You see that the knitting sample is the basis of everything you make, whether you use a knitleader or just draw an outline to knit after.
If you have a sweater that fits you well, you can use its measurements and multiply by the ratios from your knitting sample.
If you want to follow a knitting pattern, you may in principle recalculate it according to your own knitting sample, as it is always indicated how many stitches there are to e.g. 10 cm, but rarely how many rows. Usually, only the height will be indicated in cm, and that may sometimes give you problems. Luckily, it has become more common to include a small drawing of the dress pattern with measurements.
If you want to knit something fitting tightly to the body, say underwear, or leggings that must not take up much space, you have to use an expanded sample. Otherwise the knitting, which expands when you use it, will be too short. You put the sample e.g. on an ironing board, fix it with pins on one side, expand it e.g. 20 %, and pin it on the other side the whole way around. Then you can measure how many stitches and rows there now are per cm.
However, you must always also measure the sample before you expand it, for a knitting will rarely become expanded everywhere. There will usually be some parts where the knitting has to be dimensioned according to an ordinary sample.
For tutorials modele de tricotat
How to calculate the consumption of yarn
If you want to know how much yarn you have to use, e.g. for a sweater, you must take some of the yarn, make a sample and find the area in cm2. Weigh it on a letter-balance. Divide the weight in grams by the number of cm2 to get the weight per cm2. The result will be 0.0...something grams.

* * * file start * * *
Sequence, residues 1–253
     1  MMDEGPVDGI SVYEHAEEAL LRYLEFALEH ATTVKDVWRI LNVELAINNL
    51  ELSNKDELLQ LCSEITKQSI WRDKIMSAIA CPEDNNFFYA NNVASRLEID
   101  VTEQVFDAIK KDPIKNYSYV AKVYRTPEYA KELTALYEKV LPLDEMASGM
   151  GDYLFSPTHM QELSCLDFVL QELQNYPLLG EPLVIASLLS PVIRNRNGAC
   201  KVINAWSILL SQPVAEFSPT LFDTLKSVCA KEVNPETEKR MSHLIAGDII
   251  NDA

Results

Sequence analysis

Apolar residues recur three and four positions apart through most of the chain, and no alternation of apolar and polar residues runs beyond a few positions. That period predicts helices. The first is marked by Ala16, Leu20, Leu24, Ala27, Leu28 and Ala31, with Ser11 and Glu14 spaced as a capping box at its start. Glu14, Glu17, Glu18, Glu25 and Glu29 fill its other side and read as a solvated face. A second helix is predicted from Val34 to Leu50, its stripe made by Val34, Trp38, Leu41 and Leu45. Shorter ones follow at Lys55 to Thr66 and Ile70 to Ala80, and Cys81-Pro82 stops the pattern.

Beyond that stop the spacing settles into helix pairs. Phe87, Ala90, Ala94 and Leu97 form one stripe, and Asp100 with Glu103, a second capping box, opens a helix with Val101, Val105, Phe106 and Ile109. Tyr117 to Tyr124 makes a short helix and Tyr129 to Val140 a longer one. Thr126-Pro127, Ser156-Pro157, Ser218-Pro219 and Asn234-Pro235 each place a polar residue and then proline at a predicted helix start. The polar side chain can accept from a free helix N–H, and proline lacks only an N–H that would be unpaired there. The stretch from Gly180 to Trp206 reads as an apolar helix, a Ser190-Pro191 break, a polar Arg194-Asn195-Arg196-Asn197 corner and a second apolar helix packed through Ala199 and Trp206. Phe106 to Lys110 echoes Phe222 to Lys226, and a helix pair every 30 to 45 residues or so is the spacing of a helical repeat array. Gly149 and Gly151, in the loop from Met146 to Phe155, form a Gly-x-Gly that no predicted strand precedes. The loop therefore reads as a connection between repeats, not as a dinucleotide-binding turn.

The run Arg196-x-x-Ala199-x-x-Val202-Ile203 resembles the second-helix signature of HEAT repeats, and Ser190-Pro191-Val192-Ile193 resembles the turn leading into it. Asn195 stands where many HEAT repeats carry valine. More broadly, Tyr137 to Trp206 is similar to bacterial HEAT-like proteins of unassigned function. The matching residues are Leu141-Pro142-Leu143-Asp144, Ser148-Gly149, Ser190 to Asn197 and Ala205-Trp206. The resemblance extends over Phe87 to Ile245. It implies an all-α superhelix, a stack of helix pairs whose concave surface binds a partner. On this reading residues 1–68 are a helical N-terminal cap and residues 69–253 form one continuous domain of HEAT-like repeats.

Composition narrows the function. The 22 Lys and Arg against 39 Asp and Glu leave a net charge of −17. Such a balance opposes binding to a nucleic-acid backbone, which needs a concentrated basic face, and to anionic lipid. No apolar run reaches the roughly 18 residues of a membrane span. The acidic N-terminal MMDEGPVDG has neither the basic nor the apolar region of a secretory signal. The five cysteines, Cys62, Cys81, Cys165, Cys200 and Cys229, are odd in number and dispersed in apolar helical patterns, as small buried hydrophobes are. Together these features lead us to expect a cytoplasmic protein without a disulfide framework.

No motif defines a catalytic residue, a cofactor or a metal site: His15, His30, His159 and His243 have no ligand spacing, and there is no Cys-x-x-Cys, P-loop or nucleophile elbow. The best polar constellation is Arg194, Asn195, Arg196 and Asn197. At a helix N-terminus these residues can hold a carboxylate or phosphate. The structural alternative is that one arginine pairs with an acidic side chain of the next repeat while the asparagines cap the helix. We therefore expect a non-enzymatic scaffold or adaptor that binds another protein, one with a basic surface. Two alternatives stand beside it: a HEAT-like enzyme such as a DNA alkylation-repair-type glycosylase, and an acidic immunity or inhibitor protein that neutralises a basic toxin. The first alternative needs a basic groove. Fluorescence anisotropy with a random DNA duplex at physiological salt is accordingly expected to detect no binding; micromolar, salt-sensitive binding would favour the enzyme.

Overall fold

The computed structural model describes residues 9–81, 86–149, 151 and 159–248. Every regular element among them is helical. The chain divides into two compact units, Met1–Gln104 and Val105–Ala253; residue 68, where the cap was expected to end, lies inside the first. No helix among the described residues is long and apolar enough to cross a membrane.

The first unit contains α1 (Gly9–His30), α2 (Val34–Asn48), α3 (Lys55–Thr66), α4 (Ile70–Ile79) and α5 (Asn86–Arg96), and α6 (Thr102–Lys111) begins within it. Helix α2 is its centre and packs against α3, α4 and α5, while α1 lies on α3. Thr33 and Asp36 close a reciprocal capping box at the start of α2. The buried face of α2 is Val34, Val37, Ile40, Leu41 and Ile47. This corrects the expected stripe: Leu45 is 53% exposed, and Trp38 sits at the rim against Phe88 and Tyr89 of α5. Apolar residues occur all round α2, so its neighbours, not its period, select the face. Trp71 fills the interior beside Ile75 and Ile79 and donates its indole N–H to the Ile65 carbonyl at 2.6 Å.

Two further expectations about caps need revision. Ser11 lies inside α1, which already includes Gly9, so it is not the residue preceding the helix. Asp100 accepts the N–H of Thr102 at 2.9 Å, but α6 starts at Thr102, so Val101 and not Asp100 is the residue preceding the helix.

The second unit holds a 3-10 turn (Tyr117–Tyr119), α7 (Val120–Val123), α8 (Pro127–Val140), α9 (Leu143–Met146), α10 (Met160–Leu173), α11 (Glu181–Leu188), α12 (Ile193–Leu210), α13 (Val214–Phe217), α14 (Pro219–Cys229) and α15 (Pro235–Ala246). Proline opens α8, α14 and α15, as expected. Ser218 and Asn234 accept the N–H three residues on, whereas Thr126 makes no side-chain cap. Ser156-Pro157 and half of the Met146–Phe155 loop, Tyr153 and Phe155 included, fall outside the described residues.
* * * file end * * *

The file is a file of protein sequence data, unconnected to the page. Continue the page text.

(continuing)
Let us take the example of the acrylic sample referred to above. It measured 14.6 cm × 15 cm. Multiplying width with length gives us 219 cm2. Then we remove the contrast colored yarn and weigh the sample. It weighs 6 grams. Now we divide the weight by the area:
6 g / 219 cm2 = 0.027 g per cm2.
To find the area of the sweater, you first calculate the area of the body by multiplying the circumference (including as much extra width as you need) by the back length. To find the area of the sleeves, measure the upper arm circumference + wrist circumference (including the extra width) and multiply by the arm length from shoulder to wrist. If you had only one sleeve, you should divide the upper arm circumference + wrist circumference by 2 to get the average; but I suppose you have two sleeves. Add the two calculated areas, and you have the area of the whole sweater. Now you can multiply the whole area by the weight per cm2, and this tells you how many grams of yarn you need. You had better calculate with a little extra yarn, as you use some more for the selvedge and neck edge, especially if you are using rib knitting.